Summary: Fra Angelico is probably better known as an artist than as a holy man. He was already called “Beato” while he was still alive. Pope John Paul II gave this a new reality when he beatified him in 1982. “He did theology by painting the beauty that shows the light of the Risen Christ in creatures”.
Patrick Duffy tells his story.
Born Guido di Pietro at Vicchio, 25 kms north-east of Florence, also the birth place of Giotto, in his childhood he was known as Guido da Vicchio or Guido di Pietro. He may have been already a painter before he and his brother Benedetto joined the Dominicans at Fiesole.
At Fiesole 1418-35
After his novitiate at Cortona he went to live at the Dominican convent at Fiesole. As a young friar, he worked at illuminating missals and manuscripts. He became known to his companions as Fra Giovanni da Fiesole, but later more popularly – even within his own lifetime in Italy – he was called Il Beato Angelico.
San Marco, Florence (1436-45)
In 1436 Fra Angelico was one of a number of the monks from Fiesole who moved into the newly-built monastery of San Marco in Florence. This not only put him in the centre of artistic activity but also engaged the patronage of the wealthy and powerful Cosimo de’ Medici, who often came there himself when he wanted to retreat from the world.
According to his biographer Giorgio Vasari (1511-74), it was at Cosimo’s urging that Fra Angelico undertook the task of decorating the monastery, including the magnificent Chapter House fresco, the often-reproduced Annunciation, the Maesta with Saints Cosmas and Damian, Saint Mark and Saint John, Saint Lawrence and three Dominicans, Saint Dominic, Saint Thomas Aquinas and Saint Peter Martyr.
The Vatican and Orvieto, 1445–1449
In 1445 Pope Eugenius IV (1431-47), who knew the artist’s work in Florence, summoned Angelico to Rome to paint the frescoes of the Chapel of the Holy Sacrament at St Peter’s, but this was destroyed a century later when Pope Paul III (Alessandro Farnese 1534-49) wanted to make room for the great staircase of the Vatican Palace. Vasari says that at this time Eugenius offered Fra Angelico the archbishopric of Florence, but that he refused it, recommending another friar for the position.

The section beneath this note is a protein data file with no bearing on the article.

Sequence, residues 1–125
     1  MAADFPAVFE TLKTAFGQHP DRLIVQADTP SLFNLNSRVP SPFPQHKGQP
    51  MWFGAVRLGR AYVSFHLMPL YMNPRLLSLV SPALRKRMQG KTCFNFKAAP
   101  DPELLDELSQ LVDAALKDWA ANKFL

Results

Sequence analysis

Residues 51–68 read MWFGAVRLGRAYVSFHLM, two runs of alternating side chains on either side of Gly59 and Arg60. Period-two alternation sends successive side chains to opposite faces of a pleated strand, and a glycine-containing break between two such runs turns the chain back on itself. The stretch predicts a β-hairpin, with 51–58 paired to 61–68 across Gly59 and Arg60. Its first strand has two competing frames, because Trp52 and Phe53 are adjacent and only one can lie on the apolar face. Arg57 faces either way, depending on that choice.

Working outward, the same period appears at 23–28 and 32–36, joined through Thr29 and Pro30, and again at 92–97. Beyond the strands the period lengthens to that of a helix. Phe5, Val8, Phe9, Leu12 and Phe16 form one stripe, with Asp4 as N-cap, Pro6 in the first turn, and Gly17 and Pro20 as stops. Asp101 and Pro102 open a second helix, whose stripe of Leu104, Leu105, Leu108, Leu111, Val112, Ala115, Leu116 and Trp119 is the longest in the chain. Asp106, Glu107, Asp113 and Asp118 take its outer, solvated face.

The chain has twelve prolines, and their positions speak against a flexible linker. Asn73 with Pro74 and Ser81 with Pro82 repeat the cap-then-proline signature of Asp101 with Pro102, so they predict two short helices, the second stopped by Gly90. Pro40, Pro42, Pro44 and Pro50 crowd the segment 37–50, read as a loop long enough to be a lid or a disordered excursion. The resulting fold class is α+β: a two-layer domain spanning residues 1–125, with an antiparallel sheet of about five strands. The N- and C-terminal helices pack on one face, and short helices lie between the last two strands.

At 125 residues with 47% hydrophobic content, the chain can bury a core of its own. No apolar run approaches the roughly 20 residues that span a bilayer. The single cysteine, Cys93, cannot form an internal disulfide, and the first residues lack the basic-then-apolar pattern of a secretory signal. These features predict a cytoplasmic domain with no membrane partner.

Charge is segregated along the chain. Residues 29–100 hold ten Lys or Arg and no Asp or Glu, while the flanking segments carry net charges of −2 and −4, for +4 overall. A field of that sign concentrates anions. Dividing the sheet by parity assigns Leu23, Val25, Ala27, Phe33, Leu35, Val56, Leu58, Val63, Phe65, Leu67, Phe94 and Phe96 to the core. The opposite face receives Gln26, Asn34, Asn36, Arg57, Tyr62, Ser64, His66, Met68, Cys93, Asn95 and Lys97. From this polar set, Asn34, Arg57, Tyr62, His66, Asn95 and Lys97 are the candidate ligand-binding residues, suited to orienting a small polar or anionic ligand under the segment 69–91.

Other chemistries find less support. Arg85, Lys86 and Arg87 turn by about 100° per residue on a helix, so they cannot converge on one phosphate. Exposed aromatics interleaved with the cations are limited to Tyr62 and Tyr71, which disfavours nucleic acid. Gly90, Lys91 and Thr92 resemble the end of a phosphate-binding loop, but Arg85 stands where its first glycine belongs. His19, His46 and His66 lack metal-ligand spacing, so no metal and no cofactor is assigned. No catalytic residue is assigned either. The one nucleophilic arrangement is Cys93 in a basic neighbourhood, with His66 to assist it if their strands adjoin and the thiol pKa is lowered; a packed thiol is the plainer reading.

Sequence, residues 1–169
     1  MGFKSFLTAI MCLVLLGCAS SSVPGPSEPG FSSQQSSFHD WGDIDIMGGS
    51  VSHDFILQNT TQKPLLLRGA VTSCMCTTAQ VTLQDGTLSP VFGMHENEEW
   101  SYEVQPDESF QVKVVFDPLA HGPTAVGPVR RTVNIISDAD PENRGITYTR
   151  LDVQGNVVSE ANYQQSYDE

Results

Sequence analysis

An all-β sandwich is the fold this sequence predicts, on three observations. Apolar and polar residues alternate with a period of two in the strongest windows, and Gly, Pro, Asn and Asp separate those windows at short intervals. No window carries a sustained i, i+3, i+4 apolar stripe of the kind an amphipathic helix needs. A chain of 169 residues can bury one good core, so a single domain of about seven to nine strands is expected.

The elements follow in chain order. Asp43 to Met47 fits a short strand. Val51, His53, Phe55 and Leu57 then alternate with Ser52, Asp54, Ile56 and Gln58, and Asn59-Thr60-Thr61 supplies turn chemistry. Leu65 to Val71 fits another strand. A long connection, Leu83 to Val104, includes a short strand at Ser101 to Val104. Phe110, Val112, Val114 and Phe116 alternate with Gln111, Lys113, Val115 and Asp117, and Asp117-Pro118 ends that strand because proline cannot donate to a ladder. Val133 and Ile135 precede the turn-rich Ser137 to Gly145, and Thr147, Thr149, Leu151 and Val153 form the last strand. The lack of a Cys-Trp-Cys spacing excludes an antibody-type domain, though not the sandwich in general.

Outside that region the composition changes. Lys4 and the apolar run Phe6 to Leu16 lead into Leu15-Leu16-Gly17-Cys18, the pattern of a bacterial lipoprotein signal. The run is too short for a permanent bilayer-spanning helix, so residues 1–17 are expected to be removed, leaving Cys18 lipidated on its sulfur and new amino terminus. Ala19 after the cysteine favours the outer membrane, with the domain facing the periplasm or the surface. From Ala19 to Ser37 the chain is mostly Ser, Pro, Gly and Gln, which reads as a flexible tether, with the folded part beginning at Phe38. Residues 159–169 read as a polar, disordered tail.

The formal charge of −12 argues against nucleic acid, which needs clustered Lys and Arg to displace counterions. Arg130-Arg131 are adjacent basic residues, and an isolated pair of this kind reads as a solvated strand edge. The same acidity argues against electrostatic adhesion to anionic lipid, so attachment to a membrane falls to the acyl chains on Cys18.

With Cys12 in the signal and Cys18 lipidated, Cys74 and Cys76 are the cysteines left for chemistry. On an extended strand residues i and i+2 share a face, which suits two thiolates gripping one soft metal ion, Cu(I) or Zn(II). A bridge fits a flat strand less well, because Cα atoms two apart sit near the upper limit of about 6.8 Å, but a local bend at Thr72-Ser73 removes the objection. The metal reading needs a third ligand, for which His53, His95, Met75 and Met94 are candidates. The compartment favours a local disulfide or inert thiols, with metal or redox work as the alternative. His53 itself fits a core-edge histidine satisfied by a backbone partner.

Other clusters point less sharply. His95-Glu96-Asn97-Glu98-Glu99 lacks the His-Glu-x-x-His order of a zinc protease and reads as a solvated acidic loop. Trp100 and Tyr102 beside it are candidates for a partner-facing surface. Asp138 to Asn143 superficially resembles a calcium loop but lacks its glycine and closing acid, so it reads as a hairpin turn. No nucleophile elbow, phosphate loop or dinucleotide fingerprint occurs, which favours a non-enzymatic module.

In 1447 when the papal court moved to the comparative cool of Orvieto Fra Angelico worked with his pupil, Benozzo Gozzoli, on the vault of the chapel of the Madonna of St Brizio in the cathedral.
In 1449 back at the Vatican, he designed the famous fresco scenes from the lives of St. Laurence and St. Stephen for the walls of the Chapel of Nicholas V. From 1449 until 1452, Fra Angelico was back at San Marco in Florence, where he was prior for three years.
Death and influence
In 1455 Fra Angelico died while staying at a Dominican Convent in Rome, perhaps working on Pope Nicholas’ Chapel. His tomb can be seen in the Church of Santa Maria sopra Minerva in the centre of Rome. And this is his epitaph:
When singing my praise, do not say I was another Apelles.
But say that, in the name of Christ, I gave all I had to the poor.
Part of my work remains on earth and part is in heaven.
The city that bore me, Giovanni, is the flower of Tuscany.
….Tomb of fra Angelico O.P.
Beatified and patron of artists
Pope John Paul II beatified Fra Angelico on 3rd October 1982 and declared him patron saint of artists on 18th February 1984. Theologian Hans Urs von Balthasar said Angelico’s art embodies the motto of the Dominican Order contemplata aliis tradere, that is, “communicating to others the contemplated mysteries“. Another writer expressed a similar judgment: fece teologia dipingendo la bellezza, che mostrò la luce del Risorto nelle creature da lui redente: “he did theology by painting the beauty that shows the light of the Risen Christ in creatures”.